The province marked a grim milestone in October, as the B.C. Coroners Service reports 201 deaths due to toxic drug poisonings, the worst monthly total ever recorded.
Additionally, October also saw the highest monthly number of illicit drug deaths within Interior Health this year at 43.
Provincially, it’s trending to be the worst year on record as the province is reporting 1,782 deaths in the first 10 months of 2021, eclipsing the sombre record from the entirety of last year at 1,765 deaths. Vernon alone saw 33 overdose deaths so far this year, compared to 27 for all of 2020.
“This is a health crisis,” said Lisa Lapointe, B.C.’s chief coroner, in a news release. “I cannot stress enough how urgent this emergency has become. A comprehensive plan to ensure access to safe supply for the thousands of B.C. residents dependent on these substances is essential. Shifting from a punishment and stigmatizing regime to a decriminalized, health-focused model is also a critical step to reduce suffering and save lives.”
Up to October, Interior Health recorded 308 deaths, already the highest annual number dating back over a decade of health authority statistics tracking with two months yet to go. Within Interior Health, the Okanagan Health Service Delivery Area — a geographic boundary that includes Penticton, Kelowna, Vernon and Nelson — reported the highest number of deaths so far this year at 143. That’s just shy of the 147 for all of 2020.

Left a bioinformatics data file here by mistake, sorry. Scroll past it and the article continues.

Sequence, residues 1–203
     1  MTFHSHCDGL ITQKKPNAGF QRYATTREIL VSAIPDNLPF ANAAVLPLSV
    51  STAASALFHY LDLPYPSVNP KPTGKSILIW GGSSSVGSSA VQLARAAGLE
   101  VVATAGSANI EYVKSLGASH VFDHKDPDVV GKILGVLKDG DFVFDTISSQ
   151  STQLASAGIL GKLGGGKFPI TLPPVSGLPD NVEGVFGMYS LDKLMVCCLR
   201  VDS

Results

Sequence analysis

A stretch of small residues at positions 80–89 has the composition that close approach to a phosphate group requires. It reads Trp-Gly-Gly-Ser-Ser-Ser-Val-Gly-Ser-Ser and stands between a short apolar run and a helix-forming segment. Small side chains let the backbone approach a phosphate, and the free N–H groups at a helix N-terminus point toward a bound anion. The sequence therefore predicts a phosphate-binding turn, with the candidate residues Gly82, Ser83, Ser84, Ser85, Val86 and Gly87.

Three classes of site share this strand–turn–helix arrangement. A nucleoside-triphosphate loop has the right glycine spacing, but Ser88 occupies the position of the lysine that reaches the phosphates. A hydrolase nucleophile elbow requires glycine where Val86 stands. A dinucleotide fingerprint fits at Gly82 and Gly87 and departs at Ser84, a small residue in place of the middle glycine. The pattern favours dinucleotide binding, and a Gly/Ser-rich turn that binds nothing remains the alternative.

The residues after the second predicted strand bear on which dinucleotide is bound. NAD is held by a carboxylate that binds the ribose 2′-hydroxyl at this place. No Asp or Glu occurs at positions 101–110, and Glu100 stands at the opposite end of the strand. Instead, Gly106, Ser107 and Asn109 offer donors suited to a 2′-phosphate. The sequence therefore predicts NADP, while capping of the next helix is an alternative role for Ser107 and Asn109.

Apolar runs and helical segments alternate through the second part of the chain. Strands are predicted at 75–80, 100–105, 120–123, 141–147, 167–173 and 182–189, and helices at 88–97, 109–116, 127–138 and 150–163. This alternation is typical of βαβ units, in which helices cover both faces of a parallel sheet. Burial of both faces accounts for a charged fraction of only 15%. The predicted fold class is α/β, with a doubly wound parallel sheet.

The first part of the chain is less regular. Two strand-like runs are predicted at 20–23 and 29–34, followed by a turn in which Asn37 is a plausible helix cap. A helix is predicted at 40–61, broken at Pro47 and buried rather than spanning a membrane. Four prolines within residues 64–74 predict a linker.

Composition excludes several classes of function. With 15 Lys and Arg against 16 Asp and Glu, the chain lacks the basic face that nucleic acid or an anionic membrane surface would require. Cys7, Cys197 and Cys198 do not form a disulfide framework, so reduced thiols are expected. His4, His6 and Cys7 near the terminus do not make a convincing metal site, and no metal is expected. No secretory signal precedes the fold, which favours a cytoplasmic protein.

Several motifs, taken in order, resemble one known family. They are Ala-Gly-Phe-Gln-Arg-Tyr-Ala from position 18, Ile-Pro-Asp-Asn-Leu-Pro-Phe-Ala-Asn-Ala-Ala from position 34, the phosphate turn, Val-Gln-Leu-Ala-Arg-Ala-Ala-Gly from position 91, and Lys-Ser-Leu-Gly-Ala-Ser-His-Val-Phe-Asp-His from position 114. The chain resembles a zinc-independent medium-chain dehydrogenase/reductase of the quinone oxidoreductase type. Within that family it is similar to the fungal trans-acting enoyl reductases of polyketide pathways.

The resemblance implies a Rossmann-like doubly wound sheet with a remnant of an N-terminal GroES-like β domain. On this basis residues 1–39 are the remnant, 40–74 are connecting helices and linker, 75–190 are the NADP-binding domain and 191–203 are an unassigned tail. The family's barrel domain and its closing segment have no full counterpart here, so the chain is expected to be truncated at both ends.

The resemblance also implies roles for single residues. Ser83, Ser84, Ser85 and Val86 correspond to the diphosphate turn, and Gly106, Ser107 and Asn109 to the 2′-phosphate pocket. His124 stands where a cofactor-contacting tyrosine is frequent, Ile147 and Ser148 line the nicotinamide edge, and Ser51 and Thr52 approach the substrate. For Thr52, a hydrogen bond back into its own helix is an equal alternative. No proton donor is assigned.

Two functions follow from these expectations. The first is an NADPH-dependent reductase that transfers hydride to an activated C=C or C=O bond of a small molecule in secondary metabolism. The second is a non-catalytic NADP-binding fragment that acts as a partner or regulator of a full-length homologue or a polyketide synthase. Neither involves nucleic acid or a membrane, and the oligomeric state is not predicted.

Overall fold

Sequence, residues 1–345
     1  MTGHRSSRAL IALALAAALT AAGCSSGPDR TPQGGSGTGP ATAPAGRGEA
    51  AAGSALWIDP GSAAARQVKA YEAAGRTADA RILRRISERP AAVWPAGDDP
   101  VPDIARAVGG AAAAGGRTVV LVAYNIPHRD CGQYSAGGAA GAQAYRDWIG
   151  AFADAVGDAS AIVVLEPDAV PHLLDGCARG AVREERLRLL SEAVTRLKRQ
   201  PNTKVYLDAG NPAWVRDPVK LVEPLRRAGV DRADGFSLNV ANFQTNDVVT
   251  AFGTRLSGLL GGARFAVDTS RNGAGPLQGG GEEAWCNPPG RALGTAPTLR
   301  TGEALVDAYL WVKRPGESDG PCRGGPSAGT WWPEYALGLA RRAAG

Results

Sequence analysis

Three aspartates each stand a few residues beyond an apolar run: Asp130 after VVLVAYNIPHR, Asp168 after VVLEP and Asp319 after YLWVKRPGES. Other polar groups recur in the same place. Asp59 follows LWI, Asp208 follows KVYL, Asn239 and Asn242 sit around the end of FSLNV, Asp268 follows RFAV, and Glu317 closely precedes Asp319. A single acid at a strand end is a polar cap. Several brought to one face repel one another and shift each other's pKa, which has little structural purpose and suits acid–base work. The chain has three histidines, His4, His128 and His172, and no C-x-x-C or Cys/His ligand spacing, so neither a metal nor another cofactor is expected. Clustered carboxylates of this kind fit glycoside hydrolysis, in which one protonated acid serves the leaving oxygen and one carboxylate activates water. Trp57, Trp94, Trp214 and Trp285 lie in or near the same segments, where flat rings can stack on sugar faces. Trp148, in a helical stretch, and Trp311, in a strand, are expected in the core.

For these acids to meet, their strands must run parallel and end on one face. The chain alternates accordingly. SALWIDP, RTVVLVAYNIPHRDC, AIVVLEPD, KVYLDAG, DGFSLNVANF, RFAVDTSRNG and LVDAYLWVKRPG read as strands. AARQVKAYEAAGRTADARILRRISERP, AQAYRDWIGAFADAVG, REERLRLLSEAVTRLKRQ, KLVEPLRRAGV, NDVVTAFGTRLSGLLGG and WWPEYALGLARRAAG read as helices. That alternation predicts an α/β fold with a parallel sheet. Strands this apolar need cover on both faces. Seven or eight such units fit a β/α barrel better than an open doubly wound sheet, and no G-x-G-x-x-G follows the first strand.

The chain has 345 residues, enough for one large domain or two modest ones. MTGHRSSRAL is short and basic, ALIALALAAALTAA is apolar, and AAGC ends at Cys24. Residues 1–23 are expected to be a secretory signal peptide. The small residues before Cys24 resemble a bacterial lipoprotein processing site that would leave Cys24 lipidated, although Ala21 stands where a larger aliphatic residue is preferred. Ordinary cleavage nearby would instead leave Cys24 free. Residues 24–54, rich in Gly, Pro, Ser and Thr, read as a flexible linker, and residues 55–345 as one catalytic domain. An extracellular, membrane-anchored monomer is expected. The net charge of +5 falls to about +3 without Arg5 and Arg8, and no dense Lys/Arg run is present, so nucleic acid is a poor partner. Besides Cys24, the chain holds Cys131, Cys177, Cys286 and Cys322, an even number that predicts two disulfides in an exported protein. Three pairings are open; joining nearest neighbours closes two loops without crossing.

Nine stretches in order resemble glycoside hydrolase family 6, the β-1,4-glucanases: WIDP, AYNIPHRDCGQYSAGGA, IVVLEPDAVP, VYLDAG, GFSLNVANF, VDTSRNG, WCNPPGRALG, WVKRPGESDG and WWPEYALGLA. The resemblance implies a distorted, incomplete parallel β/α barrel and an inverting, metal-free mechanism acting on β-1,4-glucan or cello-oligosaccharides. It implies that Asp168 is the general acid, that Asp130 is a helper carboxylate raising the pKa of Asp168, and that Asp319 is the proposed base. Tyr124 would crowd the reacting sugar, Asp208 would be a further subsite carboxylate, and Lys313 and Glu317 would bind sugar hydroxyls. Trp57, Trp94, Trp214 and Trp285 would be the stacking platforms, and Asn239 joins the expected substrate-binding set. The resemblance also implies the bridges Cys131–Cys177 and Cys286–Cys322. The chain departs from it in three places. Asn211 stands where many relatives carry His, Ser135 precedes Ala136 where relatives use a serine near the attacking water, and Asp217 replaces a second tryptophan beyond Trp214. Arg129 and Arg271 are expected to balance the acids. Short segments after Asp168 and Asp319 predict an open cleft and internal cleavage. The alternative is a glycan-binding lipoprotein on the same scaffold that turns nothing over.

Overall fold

Localized information for smaller municipalities is released quarterly, however, the BC Corners Service tracks larger urban centres monthly. Kelowna reported the highest number of drug poisonings in Interior Health so far this year with 60, while Vernon reported 33.
“It is heartbreaking that we continue to lose more lives to toxic drugs, and October was particularly tragic with over 200 deaths, the most ever recorded in a month,” said Sheila Malcolmson, the Minister of Mental Health and Addictions, in a statement. “No words can replace a loved one lost. I feel British Columbia’s grief and frustration. Almost every person in the province knows someone whose life has been touched by the poisoned drug crisis. I am so sorry for each loss and send strength to everyone who is mourning someone they love.”
The provincial government declared a public health emergency five years ago in response to rising deaths due to toxic drugs. Since that declaration, the B.C. Coroners Service has reported over 8,000 deaths.
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